Bounce House Related Injuries on the Rise for Children
As a Miami Personal Injury Lawyer, children injuries are typically the most emotionally difficult cases to litigate. In most situations, comparative fault can be applied to plaintiffs, but it is much more challenging to blame a defenseless child for an accident. For attorneys helping those injured in bounce house accidents, the plaintiff is typically a young child hurt while using or occupying the apparatus.
The Role of Vendors in Bounce House Safety
While it is certainly a parental responsibility to supervise their child, when it comes to dangerous instrumentalities such as bounce houses, the vendor holds ultimately responsibility ensuring the safe use of its product. Proper instruction for the safe use of a bounce house is essential, and this must be deliberately conveyed to the user (i.e. parent) prior to a child’s entry. The American Academy of Pediatrics highlights the importance of responsible vendor conduct in its study titled “Pediatric Inflatable Bouncer-Related Injuries in the United States, 1990-2010”.
That study revealed that from 1990-2010 more than 64,000 children were treated in U.S. emergency departments for bounce house injuries. The American Academy of Pediatrics stressed that bounce houses are no different than trampolines – they are both not safe. Additionally, the publication noted that “from 2008 to 2010, the number of inflatable bouncer-related injuries more than doubled to an average of 31 children per day.” Nevertheless, it is inevitable that children will partake in dangerous recreational activities, but safety measures should still be followed.
Current Statistics on Bounce House Injuries
A 2022 study led by the CHOC Research Institute presents startling statistics. It revealed that from 2015 to 2019, 82,748 kids were hurt in bounce houses, compared to only 5,599 during 2000-2004. From 1995 to 2010 alone, there was a staggering 15-fold increase in the number of bounce house-related injuries.
According to another study by Thomas E. Gill, Ph.D., at The University of Texas at El Paso, published in the Bulletin of the American Meteorological Society, at least 479 injuries and 28 deaths worldwide since 2000 were attributed to weather-related bounce house incidents.
- Boys (53.9%) are more likely to get hurt than girls (46.1%).
- The most reported injuries were fractures (25.8%), muscle strains (25.7%), and contusions (14.5%).
- Around 96% of injuries occurred in bounce houses at homes.
- Lower extremities were the most common area of injury.
- Most injuries (70%) occur from May to October.
- While concussions are rare, they are almost twice as likely to occur in children over 6 years old compared to those under 6.
Comparing Bounce Houses and Trampolines
The American Academy of Pediatrics has likened bounce houses to trampolines concerning the risk of injury. It’s crucial to understand that both activities require vigilant supervision and adherence to safety guidelines. According to a 2016 report from the Consumer Product Safety Commission, there were approximately 103,512 trampoline-related injuries treated in hospital emergency rooms in the United States.
The Importance of Safety Regulations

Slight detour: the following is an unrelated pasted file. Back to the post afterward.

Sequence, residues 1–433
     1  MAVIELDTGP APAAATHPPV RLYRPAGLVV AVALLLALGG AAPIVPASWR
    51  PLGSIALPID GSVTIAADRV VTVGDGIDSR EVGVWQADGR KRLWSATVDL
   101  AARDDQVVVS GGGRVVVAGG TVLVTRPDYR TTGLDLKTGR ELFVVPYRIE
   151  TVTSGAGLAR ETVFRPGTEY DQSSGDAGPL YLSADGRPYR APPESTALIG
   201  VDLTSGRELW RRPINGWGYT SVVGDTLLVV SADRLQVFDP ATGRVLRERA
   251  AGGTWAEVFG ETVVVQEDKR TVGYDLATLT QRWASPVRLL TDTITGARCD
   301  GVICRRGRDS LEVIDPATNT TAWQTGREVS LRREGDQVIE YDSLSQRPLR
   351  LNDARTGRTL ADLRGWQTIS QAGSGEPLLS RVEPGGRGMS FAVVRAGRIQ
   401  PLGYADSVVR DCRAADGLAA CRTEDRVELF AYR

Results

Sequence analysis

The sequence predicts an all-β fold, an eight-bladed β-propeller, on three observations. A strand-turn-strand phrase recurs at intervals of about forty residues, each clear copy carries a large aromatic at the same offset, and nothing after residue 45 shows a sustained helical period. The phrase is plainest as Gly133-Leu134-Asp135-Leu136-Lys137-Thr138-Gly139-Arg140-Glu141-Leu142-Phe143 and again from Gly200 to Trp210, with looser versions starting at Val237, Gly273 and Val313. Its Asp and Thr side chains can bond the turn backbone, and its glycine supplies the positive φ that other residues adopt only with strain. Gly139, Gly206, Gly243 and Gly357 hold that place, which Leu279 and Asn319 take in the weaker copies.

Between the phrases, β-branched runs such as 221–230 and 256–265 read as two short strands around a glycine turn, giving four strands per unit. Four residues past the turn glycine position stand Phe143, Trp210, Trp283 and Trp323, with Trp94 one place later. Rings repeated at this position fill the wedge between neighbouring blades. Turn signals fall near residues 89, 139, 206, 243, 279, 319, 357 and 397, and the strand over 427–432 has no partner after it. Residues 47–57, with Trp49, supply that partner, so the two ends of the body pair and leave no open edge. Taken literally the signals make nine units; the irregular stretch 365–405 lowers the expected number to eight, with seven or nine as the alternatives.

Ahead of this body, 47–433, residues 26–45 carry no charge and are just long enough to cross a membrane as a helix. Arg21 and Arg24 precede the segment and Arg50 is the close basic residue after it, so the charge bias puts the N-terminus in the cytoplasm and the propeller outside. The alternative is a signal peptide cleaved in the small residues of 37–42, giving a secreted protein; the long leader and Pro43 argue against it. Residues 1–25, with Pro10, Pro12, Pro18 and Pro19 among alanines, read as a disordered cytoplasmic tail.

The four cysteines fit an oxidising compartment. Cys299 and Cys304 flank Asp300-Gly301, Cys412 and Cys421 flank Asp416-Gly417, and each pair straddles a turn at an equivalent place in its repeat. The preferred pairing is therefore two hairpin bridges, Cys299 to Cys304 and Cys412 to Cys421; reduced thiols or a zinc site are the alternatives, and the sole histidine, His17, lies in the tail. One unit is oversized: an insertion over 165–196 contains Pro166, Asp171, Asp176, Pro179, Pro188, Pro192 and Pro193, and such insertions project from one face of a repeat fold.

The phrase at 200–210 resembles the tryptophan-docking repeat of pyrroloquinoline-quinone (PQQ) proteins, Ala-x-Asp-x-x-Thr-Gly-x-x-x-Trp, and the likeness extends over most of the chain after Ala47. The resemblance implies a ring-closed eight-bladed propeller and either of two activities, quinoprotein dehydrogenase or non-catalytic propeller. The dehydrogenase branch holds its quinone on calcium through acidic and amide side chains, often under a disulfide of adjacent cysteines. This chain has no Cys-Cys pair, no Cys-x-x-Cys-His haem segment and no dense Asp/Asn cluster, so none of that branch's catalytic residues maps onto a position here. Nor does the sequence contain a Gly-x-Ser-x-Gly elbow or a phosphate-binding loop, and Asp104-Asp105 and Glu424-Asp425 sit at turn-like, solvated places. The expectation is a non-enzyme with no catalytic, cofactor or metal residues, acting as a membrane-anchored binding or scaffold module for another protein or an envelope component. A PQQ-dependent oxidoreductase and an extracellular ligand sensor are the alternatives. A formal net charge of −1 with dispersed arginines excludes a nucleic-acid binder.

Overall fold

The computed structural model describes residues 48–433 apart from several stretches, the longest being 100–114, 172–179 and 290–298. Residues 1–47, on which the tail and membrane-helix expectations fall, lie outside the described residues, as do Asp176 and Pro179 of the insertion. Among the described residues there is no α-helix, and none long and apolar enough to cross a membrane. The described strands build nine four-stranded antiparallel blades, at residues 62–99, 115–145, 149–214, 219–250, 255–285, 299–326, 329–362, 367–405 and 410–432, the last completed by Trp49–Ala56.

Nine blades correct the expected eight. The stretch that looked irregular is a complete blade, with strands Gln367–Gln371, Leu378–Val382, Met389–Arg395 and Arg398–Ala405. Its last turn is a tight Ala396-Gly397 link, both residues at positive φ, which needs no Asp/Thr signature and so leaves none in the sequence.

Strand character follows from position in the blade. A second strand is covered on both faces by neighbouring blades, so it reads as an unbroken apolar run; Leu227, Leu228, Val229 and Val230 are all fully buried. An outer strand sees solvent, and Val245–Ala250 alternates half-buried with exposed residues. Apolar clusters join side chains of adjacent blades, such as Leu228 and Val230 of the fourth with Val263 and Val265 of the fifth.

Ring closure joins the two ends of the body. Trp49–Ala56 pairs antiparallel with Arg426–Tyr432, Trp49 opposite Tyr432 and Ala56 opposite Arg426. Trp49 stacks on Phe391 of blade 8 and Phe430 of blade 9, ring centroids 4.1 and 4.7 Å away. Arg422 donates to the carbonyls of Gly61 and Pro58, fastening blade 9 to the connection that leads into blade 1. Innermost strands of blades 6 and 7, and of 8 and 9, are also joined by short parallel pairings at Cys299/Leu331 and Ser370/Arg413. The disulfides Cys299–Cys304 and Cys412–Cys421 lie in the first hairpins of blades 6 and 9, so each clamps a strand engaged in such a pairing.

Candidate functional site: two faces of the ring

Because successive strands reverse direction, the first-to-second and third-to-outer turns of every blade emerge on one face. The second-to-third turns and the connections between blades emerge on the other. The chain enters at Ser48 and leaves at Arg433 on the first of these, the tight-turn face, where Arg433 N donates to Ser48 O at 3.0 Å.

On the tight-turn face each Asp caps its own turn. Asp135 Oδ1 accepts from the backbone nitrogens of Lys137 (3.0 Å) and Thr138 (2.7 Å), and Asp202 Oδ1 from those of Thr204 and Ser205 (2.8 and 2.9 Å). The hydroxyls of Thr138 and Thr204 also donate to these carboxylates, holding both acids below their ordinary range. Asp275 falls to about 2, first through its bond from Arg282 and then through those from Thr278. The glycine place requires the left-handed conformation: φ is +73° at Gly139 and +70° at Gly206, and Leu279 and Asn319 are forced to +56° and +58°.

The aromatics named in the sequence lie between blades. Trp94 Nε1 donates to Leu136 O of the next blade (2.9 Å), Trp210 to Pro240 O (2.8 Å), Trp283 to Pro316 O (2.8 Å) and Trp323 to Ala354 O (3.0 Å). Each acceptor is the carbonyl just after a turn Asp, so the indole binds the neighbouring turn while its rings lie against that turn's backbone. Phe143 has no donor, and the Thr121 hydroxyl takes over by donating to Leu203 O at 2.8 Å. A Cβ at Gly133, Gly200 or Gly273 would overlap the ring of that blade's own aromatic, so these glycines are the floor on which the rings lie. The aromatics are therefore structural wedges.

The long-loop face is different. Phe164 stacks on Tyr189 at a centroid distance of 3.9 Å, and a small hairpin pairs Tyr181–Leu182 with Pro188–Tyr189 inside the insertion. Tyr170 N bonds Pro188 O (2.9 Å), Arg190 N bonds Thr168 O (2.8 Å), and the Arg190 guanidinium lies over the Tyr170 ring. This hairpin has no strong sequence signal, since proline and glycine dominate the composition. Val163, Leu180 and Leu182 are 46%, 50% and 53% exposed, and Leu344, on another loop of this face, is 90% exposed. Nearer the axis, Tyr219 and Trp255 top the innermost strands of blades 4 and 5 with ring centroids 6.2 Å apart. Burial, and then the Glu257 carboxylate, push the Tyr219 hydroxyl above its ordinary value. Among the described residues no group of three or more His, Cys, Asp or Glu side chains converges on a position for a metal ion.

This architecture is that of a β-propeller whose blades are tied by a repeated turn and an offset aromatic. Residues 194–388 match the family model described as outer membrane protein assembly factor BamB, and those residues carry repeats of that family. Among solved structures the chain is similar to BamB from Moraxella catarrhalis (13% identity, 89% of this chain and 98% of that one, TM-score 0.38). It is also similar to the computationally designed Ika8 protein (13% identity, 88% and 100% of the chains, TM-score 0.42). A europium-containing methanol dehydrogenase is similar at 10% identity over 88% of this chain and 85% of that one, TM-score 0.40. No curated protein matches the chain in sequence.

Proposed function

In light of these statistics, it is clear that stricter safety regulations and increased awareness among parents and guardians are necessary to protect children. While some states have implemented specific regulations for inflatable amusement devices, including bounce houses, there is a need for a consistent national approach.
The Need for Regulation and Education
Despite the alarming numbers, no federal safety regulations for bounce houses currently exist. CHOC pediatric surgeon Dr. Saeed Awan highlights that there is a false perception that these devices are safe. The CHOC Research Institute emphasizes that more industry regulation and community education are needed.
Tips for Ensuring Children’s Safety
- Ensure Proper Setup: Make sure that the bounce house is installed with safety regulations like tie-downs, proper inflation, and weight limits. Place it in an open area, away from trees and powerlines. Ensure easy supervision and access in an emergency.
- Prevent Children Under Age 6 from Bouncing: Young children lack proper coordination to avoid landing awkwardly.
- Supervise: Ensure a trusted adult always supervises the children.
- Jump in Small Groups: One jumper is ideal to avoid injury. If more kids are involved, limit to small groups of similar size and weight.
- Don’t Allow Tricks: Prohibit horseplay, somersaults, or flips.
- Remove Shoes, Glasses, and Jewelry: Children should remove any clothing, accessories, or sharp objects when entering the bounce house.
Was Your Child Injured in a Bounce House Accident? We Can Help
Being an injury lawyer that represents those hurt in bounce house accidents, the underlying cause of action is typically negligence. The actions taken by bounce house operators during the rental of its product to parents largely form the basis for lawsuits stemming from an injury to a child. Without question, bounce house vendors owe a duty to its customers to properly warn and notify of the risks associated with its use and explicitly convey safety rules. Unfortunately, all too often rules of use and safety are neglected by these bounce house companies, thus leaving the child vulnerable to the dangers of such an activity.
If your child has been injured in a bounce house accident, our experienced lawyers are here to help. Contact Us Now for a free consultation.